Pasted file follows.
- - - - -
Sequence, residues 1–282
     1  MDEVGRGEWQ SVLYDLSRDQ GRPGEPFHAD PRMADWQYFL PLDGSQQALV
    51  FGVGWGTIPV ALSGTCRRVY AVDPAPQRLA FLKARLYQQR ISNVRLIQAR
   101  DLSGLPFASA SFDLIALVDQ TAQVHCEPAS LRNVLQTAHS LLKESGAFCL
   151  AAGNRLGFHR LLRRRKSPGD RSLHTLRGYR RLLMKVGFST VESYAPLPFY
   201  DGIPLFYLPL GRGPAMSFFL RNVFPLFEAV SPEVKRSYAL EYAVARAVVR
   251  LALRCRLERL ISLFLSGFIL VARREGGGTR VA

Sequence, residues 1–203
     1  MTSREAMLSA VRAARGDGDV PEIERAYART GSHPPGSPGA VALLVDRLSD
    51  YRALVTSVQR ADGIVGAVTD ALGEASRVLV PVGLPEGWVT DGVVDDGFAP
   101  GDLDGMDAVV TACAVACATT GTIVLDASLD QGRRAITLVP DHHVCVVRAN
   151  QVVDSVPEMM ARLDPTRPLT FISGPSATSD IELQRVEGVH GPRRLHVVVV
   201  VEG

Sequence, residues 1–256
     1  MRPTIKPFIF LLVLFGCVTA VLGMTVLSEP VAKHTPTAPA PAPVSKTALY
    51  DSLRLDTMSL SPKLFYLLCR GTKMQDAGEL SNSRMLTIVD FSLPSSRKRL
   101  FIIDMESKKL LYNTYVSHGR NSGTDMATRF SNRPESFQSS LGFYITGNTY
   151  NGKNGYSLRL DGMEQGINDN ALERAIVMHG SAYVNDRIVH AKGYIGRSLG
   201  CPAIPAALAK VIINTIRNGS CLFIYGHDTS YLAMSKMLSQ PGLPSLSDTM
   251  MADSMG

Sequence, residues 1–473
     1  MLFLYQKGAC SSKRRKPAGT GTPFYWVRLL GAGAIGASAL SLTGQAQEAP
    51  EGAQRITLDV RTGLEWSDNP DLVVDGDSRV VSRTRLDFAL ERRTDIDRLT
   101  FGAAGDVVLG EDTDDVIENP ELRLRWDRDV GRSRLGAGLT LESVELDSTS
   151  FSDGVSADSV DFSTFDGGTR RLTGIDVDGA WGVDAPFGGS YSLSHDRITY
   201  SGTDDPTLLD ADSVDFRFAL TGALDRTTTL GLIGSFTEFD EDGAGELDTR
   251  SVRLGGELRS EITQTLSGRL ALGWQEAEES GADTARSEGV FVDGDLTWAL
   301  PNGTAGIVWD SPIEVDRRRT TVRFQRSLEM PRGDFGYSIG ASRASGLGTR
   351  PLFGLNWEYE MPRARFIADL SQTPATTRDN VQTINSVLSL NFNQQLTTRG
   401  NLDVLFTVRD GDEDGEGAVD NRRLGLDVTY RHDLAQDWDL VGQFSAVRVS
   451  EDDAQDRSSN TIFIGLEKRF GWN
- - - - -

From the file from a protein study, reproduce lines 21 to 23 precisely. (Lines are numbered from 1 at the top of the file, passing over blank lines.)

Sequence, residues 1–473
     1  MLFLYQKGAC SSKRRKPAGT GTPFYWVRLL GAGAIGASAL SLTGQAQEAP
    51  EGAQRITLDV RTGLEWSDNP DLVVDGDSRV VSRTRLDFAL ERRTDIDRLT